Perchlorate Isn’t as Risky as Some Think, Study Says

Times Staff Writer

Perchlorate, a component of rocket fuel and munitions that has contaminated water supplies nationwide, may not be dangerous to people at the levels considered unhealthful by California scientists, a UC Irvine study says.

The chemical is known to affect the thyroid, and research, largely on laboratory rats, has led state and federal scientists to conclude that it could be dangerous even at low levels, particularly to pregnant women and young children.

But the UC Irvine study, which reviewed existing research, concluded that perchlorate at levels substantially higher than those considered harmful by California appeared to pose no health risk. In healthy adults, exposure to perchlorate in water at 100 parts per billion should not cause any hormonal effects, the study found. The report did not offer any conclusions about how pregnant women or people with thyroid problems would be affected at such levels.


Researchers at the state’s Environmental Protection Agency, by contrast, recently released a scientific assessment concluding that perchlorate could be dangerous at 6 parts per billion. That number, a “public health goal” that state scientists reached by reviewing much of the same data as UC Irvine, will serve as a basis for future drinking water standards. UC Irvine representatives said they planned to forward their findings to state officials to consider as they set such criteria.

The same day the UC Irvine report was released, one of its authors, toxicologist Richard Bull, was forced to resign from a National Academy of Sciences panel studying the health dangers of perchlorate.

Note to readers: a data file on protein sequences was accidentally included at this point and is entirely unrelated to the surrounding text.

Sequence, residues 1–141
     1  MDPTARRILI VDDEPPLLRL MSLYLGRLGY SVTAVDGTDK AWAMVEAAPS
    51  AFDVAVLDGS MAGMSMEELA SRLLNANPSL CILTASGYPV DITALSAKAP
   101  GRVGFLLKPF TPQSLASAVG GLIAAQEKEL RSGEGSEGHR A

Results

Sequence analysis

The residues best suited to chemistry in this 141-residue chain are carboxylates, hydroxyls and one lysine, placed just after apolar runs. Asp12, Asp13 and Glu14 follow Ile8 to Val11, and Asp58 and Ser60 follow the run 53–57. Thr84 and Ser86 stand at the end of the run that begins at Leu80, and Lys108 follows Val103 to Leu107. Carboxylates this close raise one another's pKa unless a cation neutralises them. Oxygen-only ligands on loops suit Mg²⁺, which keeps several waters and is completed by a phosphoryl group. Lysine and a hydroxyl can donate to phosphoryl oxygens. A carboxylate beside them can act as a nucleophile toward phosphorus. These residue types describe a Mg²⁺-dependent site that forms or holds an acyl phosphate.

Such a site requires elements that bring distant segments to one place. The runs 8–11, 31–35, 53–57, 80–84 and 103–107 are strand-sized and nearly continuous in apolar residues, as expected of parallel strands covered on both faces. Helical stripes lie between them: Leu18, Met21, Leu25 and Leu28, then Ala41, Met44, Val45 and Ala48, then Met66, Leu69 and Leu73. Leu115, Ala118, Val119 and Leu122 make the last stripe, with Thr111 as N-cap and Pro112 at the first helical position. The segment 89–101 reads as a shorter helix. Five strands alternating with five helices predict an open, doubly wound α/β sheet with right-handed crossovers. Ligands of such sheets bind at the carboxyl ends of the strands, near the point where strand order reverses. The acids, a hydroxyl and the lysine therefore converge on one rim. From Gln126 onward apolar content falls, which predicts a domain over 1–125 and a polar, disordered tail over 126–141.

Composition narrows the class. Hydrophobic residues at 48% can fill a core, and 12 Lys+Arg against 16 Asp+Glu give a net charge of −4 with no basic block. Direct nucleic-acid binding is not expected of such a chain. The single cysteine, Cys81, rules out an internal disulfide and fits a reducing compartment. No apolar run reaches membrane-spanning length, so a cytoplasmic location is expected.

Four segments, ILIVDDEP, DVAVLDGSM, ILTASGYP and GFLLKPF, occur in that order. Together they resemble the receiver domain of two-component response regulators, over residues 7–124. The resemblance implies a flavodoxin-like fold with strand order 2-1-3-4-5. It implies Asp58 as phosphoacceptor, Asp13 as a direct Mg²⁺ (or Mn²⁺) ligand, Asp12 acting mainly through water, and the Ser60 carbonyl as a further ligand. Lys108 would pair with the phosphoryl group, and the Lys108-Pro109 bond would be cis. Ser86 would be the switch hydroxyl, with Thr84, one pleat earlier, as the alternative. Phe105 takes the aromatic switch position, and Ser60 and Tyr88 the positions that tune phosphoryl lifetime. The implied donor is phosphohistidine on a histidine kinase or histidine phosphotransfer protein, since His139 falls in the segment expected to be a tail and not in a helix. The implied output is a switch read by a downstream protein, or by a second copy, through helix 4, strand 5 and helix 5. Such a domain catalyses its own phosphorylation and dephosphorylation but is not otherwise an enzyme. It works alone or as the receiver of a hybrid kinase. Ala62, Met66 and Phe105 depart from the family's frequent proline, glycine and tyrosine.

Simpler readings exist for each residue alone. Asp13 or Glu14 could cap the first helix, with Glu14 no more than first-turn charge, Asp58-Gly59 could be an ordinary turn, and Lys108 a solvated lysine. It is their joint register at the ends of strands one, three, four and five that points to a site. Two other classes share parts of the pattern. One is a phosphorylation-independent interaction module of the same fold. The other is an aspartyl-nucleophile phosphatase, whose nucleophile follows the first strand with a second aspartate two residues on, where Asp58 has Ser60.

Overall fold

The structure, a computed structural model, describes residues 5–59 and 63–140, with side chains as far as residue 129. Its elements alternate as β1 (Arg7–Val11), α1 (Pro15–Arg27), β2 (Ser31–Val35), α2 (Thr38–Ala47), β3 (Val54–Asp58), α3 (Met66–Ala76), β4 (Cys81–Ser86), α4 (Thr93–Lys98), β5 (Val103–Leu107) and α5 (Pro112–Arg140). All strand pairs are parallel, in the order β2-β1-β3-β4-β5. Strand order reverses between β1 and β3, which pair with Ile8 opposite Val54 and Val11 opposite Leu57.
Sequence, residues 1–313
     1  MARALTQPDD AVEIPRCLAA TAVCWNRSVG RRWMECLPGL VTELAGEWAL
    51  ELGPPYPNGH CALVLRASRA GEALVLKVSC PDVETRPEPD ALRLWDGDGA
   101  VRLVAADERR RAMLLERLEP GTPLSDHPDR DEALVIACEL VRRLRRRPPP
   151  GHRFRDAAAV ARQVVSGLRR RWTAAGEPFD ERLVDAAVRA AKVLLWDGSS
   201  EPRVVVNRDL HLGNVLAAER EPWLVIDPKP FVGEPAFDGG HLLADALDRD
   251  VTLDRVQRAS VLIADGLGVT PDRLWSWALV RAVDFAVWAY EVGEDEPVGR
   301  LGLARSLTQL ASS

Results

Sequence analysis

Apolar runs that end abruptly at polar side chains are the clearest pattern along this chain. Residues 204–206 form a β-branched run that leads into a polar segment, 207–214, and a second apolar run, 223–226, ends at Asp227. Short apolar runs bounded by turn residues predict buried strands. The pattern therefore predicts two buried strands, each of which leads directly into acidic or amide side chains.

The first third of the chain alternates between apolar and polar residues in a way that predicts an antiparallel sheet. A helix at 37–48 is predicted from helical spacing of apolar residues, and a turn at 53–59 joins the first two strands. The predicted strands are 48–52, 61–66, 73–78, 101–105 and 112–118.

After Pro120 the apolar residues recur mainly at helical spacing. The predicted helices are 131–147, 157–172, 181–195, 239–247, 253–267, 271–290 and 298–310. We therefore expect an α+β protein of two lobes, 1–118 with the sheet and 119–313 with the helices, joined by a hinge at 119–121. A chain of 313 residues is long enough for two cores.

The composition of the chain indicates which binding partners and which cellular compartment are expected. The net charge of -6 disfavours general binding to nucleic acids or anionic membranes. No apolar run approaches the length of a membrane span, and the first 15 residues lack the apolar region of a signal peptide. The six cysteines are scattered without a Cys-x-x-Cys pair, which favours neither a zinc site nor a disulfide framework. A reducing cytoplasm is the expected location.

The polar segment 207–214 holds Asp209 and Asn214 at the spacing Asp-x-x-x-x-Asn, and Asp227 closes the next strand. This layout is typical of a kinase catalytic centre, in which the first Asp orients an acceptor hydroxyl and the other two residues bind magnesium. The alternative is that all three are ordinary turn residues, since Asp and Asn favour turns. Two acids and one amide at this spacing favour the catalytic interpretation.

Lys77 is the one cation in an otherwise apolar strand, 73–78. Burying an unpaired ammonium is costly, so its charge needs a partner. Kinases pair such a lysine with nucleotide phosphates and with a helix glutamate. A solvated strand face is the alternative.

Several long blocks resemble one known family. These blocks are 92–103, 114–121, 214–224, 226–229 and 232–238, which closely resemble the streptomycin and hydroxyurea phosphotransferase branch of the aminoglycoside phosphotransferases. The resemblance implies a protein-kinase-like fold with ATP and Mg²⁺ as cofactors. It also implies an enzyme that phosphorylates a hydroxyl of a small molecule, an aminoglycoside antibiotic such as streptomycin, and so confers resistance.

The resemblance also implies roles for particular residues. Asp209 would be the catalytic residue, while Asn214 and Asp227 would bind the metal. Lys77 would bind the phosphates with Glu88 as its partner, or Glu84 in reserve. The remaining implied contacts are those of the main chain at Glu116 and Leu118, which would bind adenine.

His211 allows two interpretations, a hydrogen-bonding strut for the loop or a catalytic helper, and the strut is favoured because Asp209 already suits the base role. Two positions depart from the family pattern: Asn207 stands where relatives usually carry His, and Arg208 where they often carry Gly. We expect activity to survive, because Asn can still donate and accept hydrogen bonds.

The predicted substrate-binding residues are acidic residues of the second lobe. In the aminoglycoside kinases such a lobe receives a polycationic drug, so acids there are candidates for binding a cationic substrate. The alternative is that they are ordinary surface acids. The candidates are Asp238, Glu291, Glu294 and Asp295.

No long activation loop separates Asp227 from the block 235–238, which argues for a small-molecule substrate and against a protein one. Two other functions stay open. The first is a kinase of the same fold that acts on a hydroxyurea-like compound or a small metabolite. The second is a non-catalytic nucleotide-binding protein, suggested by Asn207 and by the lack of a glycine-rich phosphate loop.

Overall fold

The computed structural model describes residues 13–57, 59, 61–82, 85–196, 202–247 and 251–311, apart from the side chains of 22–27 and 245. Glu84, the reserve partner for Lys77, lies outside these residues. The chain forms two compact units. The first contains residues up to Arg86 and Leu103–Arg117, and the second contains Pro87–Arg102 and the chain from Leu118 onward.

Bull was a former paid expert for a law firm representing defense contractor Lockheed Martin, one of several aerospace firms responsible for much of the perchlorate pollution. His involvement with the study had been criticized by environmental groups and U.S. Sens. Dianne Feinstein and Barbara Boxer.

The national academy was asked by the federal government to look into the issue after the U.S. Environmental Protection Agency came out with a preliminary finding that perchlorate should be restricted to 1 part per billion in water supplies.

The Pentagon, which also is responsible for much of the perchlorate contamination around the country, strongly opposed the federal EPA’s conclusions and persuaded the White House to solicit the opinion of the National Academy of Sciences.

Representatives of the academy, which had initially defended Bull, said after his resignation this week that his work on the UC Irvine panel could lead others to believe he had already made up his mind on perchlorate. Academy officials confronted Bull after learning of the UC Irvine study, and he subsequently resigned, spokesman Bill Kearney said.


“We expect our committee members to come in with an open mind,” Kearney said.

Bull, a former director of the EPA’s toxicology and microbiology division, said he understood the concerns of the National Academy of Sciences.

“It’s the appearance that was the problem,” Bull said. “It was not the details, but the fact that I was associated with an opinion that put the NAS in an awkward position. I was not sensitive enough.”